Training and Skills

CENTA students are required to complete 45 days training throughout their PhD including a 10 day placement. In the first year, students will be trained as a single cohort on environmental science, research methods and core skills. Throughout the PhD, training will progress from core skills sets to master classes specific to the student's projects and themes. 

The proposed project has a strong multidisciplinary component, combining aspects of avian ecology, behavioural ecology, energetics, spatial statistics and educational outreach. Thus, subject-specific training will be offered in each of these areas. It will comprise a mix of appropriate postgraduate level training and external training courses. The former will include biostatistical training in analysis of spatial data and complex normal and non-normal datasets and the use of Geographic Information Systems (GIS) in elucidating pattern and process in habitats across an urban gradient. Examples of the latter will include Home Office-accredited training in aspects of animal work, including the ethical considerations.

Timeline

Year 1: Project development and DR training (e.g. statistics, modelling, bird handling) leading to the first field season in Birmingham working on nestboxes and at feeders in schools throughout the city. This will expose the candidate to various ways to measure avian activity budgets and to educating schoolchildren about science and its potential to answer applied questions about urbanisation.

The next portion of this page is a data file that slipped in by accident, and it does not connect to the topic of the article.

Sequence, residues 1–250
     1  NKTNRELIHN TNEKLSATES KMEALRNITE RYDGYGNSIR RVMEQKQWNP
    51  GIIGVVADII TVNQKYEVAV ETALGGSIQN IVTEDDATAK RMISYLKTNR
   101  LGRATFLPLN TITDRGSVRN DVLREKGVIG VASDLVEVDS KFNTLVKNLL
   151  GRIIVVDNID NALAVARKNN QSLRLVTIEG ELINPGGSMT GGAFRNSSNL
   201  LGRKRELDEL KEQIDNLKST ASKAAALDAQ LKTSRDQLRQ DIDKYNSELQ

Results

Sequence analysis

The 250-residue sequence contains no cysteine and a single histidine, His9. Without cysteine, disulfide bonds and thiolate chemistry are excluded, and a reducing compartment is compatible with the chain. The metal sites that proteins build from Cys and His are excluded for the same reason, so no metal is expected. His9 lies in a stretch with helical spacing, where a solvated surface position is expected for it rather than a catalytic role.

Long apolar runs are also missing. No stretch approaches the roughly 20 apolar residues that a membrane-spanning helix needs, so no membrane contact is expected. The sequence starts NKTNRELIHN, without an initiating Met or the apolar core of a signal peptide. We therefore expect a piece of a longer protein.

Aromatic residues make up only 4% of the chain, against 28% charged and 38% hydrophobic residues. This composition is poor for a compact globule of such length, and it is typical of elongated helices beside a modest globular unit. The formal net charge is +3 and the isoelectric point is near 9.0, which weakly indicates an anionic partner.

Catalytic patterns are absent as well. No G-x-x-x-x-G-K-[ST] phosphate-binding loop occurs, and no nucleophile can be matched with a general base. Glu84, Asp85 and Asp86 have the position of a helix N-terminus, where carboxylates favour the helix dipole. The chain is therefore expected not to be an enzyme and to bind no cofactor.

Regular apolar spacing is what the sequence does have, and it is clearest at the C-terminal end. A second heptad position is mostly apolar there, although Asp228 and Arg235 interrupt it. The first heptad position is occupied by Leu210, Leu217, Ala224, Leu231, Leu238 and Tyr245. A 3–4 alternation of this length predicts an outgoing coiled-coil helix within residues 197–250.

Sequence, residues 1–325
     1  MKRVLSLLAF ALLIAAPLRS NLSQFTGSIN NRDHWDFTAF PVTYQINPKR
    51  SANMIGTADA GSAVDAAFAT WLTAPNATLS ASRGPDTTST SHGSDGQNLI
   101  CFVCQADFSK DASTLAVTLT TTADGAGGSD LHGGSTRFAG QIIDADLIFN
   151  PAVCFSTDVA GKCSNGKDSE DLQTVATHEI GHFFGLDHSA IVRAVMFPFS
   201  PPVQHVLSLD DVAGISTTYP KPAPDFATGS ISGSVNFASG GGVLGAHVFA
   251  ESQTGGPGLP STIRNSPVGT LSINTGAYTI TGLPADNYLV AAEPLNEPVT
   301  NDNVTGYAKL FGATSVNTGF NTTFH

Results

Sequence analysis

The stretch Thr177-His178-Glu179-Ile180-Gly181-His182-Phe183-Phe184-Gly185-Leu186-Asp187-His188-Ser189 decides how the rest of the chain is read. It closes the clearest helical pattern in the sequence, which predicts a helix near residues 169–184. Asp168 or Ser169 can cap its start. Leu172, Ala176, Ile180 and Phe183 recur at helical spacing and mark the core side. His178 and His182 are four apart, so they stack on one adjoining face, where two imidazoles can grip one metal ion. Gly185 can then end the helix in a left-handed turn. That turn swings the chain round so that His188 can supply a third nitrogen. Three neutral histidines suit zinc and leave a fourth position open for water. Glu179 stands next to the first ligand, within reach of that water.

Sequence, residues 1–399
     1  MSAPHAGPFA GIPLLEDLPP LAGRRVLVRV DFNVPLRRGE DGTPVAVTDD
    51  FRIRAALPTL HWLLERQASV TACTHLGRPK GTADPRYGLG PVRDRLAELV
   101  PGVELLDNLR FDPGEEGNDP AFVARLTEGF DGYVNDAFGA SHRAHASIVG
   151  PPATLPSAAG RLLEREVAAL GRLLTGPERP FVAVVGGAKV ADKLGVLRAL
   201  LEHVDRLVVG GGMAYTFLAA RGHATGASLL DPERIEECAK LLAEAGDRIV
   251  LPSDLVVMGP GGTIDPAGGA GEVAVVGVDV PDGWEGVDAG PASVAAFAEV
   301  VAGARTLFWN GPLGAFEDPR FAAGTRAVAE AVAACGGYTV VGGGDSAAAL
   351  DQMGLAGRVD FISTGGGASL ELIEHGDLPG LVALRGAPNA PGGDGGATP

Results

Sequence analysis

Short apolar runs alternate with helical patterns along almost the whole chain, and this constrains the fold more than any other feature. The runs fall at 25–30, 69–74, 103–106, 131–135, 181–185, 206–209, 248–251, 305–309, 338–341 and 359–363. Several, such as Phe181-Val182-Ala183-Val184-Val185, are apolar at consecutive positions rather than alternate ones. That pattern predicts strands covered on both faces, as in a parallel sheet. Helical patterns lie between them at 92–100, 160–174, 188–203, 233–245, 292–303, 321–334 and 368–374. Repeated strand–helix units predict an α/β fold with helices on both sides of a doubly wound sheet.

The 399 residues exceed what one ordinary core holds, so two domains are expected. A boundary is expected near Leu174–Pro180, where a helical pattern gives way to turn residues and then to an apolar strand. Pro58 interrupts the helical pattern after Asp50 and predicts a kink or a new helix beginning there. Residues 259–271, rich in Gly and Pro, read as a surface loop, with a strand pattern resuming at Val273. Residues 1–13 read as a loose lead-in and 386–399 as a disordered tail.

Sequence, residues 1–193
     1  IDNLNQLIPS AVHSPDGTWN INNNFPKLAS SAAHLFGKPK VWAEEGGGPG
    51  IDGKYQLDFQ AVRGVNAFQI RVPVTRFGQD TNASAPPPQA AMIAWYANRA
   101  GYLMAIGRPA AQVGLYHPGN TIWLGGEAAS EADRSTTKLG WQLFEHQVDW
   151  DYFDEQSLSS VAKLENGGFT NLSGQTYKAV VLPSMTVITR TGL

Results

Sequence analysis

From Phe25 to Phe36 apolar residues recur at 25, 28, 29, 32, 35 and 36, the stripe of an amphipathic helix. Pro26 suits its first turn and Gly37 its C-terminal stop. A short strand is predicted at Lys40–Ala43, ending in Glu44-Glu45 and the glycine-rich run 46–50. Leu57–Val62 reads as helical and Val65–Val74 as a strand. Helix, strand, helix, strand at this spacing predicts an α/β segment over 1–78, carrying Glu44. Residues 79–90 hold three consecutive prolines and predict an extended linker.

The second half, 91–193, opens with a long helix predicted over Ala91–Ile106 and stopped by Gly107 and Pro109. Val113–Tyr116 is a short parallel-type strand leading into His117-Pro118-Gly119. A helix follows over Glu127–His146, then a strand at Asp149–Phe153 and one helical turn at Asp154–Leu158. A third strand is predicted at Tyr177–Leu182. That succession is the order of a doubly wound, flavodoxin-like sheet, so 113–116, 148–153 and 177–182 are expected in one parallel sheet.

Year 2: Secondment to CASE partners to: (1) learn more about bird feeding industry and to demonstrate important roles that scientific outputs can play in developing bird foods and informing the feeding public; and (2) work closely with engineers to develop GPS units that can be deployed over extensive periods to monitor activities of urban birds.

Year 3: Data analysis, fieldwork, conference attendance to showcase research outputs, paper- and thesis-writing.

Partners and collaboration (including CASE)

The project involves CASE partners with Twootz.com Ltd providing bird food and a wildlife telemetry company providing the in-house expertise for development and deployment of GPS tags on small passerines. We envisage that between them the CASE partners will provide expertise to inform the candidate about access to food products that best supplement the diets of target species, and to the best telemetric equipment, respectively. The candidate will spend up to 3 months working with both partners and by doing so will learn about two thriving UK research and marketing sectors.

Further Details

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For further details, please contact Dr S. James Reynolds at Centre for Ornithology, School of Biosciences, and Prof. Jon P. Sadler & Prof. Lee Chapman at the School of Geography, Earth & Environmental Sciences, College of Life & Environmental Sciences, University of Birmingham, Edgbaston, Birmingham B15 2TT, UK. Emails: J.Reynolds@bham.ac.uk, J.P.Sadler@bham.ac.uk & L.Chapman@bham.ac.uk.